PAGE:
With all of the technology available on the market, it’s difficult to judge the quality of a hiring process simply by “eyeballing” it. HR departments that use products like applicant tracking systems (ATS) have a wealth of information at their fingertips, and would be smart to start implementing it into their daily routines.
Specific areas of a hiring process can be continually reviewed, tweaked, and improved simply by following the numbers.
There’s no better way to manufacture room in the HR budget than by cutting down the cost-per-hire. Just by upgrading from a manual process to an ATS, recruiting specialists can save considerable and valuable time that can be used elsewhere.
RecruitLoop recommends noting a few key factors when figuring out how much your cost-per-hire is, as they can lead you to understand how to reduce it:
- Advertising: Are you using billboards or pay-per-click ads? What is the percentage of candidates who find an application through this marketing campaign?
- Time: How much time, on average, is each recruiter spending vetting applicants that never make it to the interview process? Can this be cut down?
- Cost: What’s the price you pay to maintain social media and digital presence? How much does a new employee cost the company, and what’s the average turnover?
Through understanding these three factors, HR departments can take a step back and understand just how much they are spending per applicant, and curtail that cost.
HR departments have the ability to post a single job listing to tens of job sites and their company brand page at the click of a button. This is a benefit in terms of saving time, but just how valuable are all these avenues for hiring? It’s important to understand which channels provide the best applicants, as doing so will allow you to focus your efforts on the most successful areas instead of areas that don’t drive applicants to your site.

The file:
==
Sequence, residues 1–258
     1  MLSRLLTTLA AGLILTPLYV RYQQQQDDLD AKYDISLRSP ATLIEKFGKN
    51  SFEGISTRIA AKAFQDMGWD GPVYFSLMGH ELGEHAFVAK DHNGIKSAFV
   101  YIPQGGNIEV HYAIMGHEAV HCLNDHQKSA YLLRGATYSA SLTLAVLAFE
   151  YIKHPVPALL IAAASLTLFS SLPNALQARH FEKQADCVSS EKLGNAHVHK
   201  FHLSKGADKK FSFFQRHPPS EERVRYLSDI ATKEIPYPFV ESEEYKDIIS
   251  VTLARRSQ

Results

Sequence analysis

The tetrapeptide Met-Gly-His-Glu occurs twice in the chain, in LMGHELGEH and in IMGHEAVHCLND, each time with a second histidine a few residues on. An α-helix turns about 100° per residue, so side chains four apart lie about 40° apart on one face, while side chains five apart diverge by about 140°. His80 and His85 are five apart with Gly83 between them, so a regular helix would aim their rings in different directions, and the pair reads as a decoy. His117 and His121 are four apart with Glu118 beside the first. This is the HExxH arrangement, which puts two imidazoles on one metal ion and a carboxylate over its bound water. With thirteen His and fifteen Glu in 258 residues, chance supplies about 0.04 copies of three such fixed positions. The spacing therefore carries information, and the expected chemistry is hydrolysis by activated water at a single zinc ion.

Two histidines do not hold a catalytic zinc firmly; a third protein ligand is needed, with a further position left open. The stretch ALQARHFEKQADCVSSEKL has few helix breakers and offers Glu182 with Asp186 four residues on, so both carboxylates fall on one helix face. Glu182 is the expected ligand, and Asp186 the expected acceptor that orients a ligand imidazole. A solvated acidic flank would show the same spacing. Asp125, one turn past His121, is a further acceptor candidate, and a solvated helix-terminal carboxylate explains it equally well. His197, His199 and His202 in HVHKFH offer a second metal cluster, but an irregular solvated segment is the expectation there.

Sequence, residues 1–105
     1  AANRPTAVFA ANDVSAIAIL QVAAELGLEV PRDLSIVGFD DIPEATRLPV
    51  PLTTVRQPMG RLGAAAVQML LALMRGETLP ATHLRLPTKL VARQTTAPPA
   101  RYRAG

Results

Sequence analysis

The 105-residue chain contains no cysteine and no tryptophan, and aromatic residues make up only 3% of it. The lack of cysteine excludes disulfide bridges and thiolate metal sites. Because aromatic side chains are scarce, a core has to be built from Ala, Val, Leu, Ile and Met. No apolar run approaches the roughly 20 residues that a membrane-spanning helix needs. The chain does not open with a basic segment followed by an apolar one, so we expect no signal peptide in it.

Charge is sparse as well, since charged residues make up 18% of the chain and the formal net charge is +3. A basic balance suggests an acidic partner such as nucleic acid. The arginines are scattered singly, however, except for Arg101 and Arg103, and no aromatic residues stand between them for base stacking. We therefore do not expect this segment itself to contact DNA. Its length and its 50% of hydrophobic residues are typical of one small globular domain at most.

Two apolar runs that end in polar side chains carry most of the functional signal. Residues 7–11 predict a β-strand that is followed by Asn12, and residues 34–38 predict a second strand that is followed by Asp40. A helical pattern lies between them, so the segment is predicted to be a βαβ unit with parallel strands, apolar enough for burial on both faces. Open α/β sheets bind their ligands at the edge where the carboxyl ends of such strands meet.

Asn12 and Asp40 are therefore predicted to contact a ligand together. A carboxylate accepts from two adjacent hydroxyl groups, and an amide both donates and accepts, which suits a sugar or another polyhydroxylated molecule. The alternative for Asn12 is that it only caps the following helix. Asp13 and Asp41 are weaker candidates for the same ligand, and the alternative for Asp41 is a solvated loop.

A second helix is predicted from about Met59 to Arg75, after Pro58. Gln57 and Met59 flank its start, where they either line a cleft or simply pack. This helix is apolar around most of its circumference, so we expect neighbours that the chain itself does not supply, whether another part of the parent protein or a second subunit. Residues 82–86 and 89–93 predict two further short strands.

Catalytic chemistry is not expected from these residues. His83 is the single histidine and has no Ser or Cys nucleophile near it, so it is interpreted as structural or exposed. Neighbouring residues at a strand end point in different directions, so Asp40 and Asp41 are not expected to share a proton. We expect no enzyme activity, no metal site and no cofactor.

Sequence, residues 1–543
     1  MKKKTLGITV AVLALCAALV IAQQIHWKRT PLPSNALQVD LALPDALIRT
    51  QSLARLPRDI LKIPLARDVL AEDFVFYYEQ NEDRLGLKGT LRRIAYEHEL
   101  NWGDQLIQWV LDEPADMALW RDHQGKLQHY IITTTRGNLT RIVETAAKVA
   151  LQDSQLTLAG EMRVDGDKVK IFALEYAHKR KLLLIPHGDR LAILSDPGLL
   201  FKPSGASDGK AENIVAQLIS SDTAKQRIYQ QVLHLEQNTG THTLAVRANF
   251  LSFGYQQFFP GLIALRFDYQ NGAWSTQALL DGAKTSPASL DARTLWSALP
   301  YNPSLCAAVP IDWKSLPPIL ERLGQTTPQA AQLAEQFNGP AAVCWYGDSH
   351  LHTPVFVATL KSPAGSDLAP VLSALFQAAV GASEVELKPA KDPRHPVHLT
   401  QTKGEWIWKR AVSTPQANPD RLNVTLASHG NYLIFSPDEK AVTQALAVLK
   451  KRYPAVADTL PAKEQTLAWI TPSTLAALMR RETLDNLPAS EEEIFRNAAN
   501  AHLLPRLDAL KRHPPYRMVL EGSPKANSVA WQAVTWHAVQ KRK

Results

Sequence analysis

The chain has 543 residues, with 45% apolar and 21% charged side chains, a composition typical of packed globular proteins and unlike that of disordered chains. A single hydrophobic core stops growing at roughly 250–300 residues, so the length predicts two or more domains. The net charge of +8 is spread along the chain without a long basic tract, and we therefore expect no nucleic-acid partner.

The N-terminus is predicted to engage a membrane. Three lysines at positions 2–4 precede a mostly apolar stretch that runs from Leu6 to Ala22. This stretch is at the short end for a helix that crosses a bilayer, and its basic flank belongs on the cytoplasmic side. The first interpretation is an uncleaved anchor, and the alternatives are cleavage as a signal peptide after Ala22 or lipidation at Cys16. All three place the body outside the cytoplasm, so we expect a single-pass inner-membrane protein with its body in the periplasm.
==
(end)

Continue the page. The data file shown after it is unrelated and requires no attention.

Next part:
“Identify your qualified candidate rate through sourcing.”
“Some job boards will give you a huge volume of applicants but that doesn’t mean they will be relevant to the role,” Ryan told the Society for Human Resource Management (SHRM). “It’s recruiting’s version of a qualified lead. This serves as a leading indicator that the interview funnel is filling up with quality candidates.”
Consider this—if the average job board sends you 20 candidates, and your career page just five, you’ll likely think that the former is a better method for sourcing, right? But, if just five of the job board applicants move on to the interview, while three from the career page do, the percentages fall in the favor of the latter—a 25 percent versus a 60 percent “qualified candidate” rate.
Reallocate your resources toward the avenue that provides better quality candidates, rather than the most—though don’t completely disregard the other channels. This will save you valuable time in the interview process, which can be used for other important tasks.
One avenue of recruitment outreach that has seen expansive growth is through social media. As the number of social media devotees increases, and as recruiters continue to devise tactical methods to reach a critical mass of candidates, opportunities for a marriage between the two grow. To better understand this growing trend, Berkshire has developed a white paper, “The Impact of Social Media on Targeted Outreach,” that analyzes the expansive capabilities of social media-enabled outreach while outlining strategic methods used to get the most from these tactics—and how to avoid potentially damaging shortcomings.
By understanding and assessing cost-per hire and sourcing, HR specialists can better evaluate their hiring methods and make improvements to the process.